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Senior Missionaries

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An Appeal for  Senior Missionaries to Serve in Japan

I believe that Heavenly Father and Jesus Christ do not love the people of North America, Northern Europe, Australia, New Zealand and Japan more than They love their other children on this earth. However, people in these nations have been blessed with time and means the like of which no other people in the history of world have been blessed. I believe that this blessing has come to these people because Heavenly Father and His Son expect them to bear the major burden of building the Kingdom of God on the earth.

Jacob cautioned that we should gnot spend money for that which is of no worth, nor our labor (time) for that which cannot satisfy.h (2 Nephi 9:51) I fear that too many of us who have been so blessed have not used our time or our money as wisely as we could have done. Some of us have chosen unwisely and donft have the means or the health that will enable us to serve as we now wish. But all is not lost.

The love of our Father and His Son is so deep for those in need of our service that They can and will help us bless the lives of those we may be called to serve, despite our weaknesses. There is such a great need for our service. Consider the following. 

Six billion five hundred million people currently inhabit this planet which we call earth. Approximately 52,000 full-time missionaries are out there now trying to present the precious message of salvation and restoration to these people. This is an average of one missionary per each 125,000 people. In the California San Francisco Mission where we lived for several years, the ratio is one missionary per 12,500 people. To reach this ratio worldwide, we need ten times as many missionaries, 520,000. In Japan, there are about 850 missionaries for the 125 million people who live in the islands from Hokkaido to Okinawa. This is a ratio of one missionary to 147,000 people. 

About 10% of the current missionaries worldwide are senior couples. Because of demographics (the baby boom phenomenon in particular) the number of senior couples who are becoming eligible for missions is increasing significantly. At the same time, the number of young men eligible to serve missions is going down as a percentage of Church membership.

As you may realize, until 1968, there was only one mission in Japan when a new mission was created. In 1970, the number of missions was doubled to four. In 1973, the Nagoya Mission was created making the total five. In 1974, the Sendai Mission was added making six. In 1976, the Okayama Mission was opened making seven missions in Japan. In 1978, the Tokyo South Mission came into being and was followed by number nine in 1980 when the Osaka Mission was opened. From 1990 until 1995, there were ten missions in Japan with the opening of the Japan Okinawa Mission. The Osaka Mission was closed in 1995 dropping the number to nine. The closing of the Japan Okinawa Mission in 1996 left eight and the Kobe Mission was closed in 2001 leaving seven missions, the number in existence now. There have been some realignments, however and the seven existing missions are, in order of longevity, Nagoya, Sendai, Sapporo, Fukuoka, Hiroshima, Tokyo, and Kobe. For greater detail, please see the chart under Japan Church History.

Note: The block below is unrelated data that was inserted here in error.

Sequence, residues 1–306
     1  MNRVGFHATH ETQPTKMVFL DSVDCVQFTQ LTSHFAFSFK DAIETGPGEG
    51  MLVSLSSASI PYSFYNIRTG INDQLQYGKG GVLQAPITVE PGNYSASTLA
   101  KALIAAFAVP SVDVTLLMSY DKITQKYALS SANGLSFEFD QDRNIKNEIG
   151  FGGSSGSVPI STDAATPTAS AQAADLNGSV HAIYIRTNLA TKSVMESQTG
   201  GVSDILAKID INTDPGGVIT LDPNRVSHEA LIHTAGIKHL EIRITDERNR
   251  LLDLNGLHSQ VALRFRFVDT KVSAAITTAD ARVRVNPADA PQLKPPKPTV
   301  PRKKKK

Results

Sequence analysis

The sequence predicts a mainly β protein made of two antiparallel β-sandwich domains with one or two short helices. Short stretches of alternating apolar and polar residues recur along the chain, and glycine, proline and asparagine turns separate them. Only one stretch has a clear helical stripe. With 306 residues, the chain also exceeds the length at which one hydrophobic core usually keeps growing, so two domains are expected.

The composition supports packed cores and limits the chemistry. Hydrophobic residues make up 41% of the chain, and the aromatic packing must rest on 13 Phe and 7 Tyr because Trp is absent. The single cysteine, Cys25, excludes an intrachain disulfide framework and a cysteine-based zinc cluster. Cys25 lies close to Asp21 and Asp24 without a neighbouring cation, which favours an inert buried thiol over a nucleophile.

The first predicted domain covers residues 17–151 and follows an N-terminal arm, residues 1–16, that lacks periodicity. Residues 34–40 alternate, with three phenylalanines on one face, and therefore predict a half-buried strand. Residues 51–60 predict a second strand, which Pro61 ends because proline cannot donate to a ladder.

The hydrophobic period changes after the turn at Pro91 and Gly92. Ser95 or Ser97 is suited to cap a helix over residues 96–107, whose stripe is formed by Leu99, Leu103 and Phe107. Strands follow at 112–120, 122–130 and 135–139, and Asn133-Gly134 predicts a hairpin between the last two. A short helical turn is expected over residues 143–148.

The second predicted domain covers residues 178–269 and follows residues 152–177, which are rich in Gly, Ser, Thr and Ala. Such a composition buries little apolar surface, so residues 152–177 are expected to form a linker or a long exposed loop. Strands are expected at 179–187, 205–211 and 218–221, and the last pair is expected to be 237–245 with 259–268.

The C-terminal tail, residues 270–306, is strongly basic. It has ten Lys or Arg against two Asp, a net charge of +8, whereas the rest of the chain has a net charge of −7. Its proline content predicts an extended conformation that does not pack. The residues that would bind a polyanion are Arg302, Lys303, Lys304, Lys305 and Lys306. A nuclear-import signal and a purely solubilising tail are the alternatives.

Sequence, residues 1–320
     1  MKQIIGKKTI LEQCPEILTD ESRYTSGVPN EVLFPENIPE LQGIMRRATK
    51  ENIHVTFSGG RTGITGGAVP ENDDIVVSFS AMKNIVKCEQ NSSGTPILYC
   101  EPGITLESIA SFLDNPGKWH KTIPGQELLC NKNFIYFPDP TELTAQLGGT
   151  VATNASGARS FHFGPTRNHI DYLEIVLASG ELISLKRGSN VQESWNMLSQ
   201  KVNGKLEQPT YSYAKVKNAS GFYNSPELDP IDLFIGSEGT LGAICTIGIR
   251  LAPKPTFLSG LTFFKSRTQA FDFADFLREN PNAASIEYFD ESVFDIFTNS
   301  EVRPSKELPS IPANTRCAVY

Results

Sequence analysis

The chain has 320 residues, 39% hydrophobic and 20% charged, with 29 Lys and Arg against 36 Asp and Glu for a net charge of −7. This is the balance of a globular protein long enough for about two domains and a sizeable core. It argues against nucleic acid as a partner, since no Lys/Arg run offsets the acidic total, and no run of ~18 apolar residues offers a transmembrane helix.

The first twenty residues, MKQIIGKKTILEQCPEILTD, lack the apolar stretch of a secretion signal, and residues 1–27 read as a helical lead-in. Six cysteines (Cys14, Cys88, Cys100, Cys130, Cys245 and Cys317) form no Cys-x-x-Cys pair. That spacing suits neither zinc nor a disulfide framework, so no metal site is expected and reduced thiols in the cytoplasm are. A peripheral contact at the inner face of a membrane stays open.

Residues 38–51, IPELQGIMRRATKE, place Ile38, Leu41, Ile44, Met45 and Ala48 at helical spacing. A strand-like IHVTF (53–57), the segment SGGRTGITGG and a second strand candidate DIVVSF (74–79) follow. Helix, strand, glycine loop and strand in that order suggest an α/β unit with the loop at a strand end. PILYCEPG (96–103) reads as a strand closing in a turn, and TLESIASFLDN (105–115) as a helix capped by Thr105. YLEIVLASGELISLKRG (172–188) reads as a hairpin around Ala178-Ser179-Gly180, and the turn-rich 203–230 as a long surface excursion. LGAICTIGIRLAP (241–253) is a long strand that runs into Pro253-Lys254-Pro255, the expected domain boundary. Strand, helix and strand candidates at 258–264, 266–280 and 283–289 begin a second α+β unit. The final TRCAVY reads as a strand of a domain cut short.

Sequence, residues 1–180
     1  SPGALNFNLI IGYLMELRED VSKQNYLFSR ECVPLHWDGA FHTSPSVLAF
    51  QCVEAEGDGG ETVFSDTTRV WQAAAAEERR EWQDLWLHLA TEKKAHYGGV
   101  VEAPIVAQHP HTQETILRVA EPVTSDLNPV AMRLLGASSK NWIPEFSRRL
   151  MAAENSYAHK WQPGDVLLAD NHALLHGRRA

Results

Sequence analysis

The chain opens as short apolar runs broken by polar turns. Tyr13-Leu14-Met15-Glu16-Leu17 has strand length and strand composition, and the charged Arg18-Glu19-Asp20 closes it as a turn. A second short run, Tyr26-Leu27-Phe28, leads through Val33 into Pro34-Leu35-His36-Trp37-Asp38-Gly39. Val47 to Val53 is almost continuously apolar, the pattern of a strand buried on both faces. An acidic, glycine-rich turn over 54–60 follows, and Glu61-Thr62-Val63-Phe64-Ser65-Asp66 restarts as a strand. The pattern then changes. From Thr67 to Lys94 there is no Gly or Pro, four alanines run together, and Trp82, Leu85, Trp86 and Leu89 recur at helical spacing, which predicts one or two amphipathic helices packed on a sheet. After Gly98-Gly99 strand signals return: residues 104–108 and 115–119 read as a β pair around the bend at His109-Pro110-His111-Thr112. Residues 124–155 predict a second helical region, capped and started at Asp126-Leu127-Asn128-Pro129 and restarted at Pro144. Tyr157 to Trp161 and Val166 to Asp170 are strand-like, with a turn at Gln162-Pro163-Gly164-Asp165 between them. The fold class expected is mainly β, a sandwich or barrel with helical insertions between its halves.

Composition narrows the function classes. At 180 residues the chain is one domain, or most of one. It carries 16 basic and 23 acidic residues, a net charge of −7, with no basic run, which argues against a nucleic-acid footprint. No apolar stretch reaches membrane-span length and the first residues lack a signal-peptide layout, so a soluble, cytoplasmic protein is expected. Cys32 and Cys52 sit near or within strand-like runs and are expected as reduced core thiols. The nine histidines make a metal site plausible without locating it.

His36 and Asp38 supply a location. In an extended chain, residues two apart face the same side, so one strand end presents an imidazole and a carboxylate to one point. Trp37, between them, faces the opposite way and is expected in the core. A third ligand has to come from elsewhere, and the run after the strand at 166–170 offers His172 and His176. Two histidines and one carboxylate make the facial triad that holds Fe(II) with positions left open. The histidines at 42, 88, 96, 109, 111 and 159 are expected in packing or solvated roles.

As you can observe, many missionaries have had the honor of serving in Japan since the work began in 1901 and especially since 1970 when four missions began operating. I estimate between 20,000 to 22,000 missionaries, not including senior couples have served in Japan as missionaries. Of these, about 4,500 have come from Japan. Most of the remainder have come from North America with some from Australia and a few from several other countries.

Like me, those missionaries who were 19 in 1961 are now 65 years old. Over the coming years more and more returned missionaries from Japan will reach the age when they can serve. With good planning, many, if they choose to do so, will be able to serve before they become 65 years old. I believe there is a great need for them in Japan now. The number of people being baptized currently is hardly more than enough to replace those who are dying or otherwise leaving the Church. And I do not believe the need will decrease in the coming years. I feel Heavenly Father and the Saviorfs deep and powerful love for these very good people. I hope you will feel it, too. I hope you will choose to make a commitment now to serve as full-time missionaries as soon as you can.   

It is my hope that you will feel again the love that moved you as you served faithfully as missionaries in the past. I pray you will have confidence in the love of our Father and Jesus Christ. If you seek to know and share this love, I have confidence you will be blessed to prepare yourselves to serve and that you will do much good.

Some of you may fear you have lost your ability in the Japanese language. I assure you that despite your language weakness you will be blessed to improve it sufficiently to serve effectively. Working a little bit on a regular basis will help significantly, but when the light of love fills your heart and glows in your eyes, the people you serve will see it and feel it and they will listen carefully to you and will trust you and they will understand the important things you are trying to teach.  

Wade W. Fillmore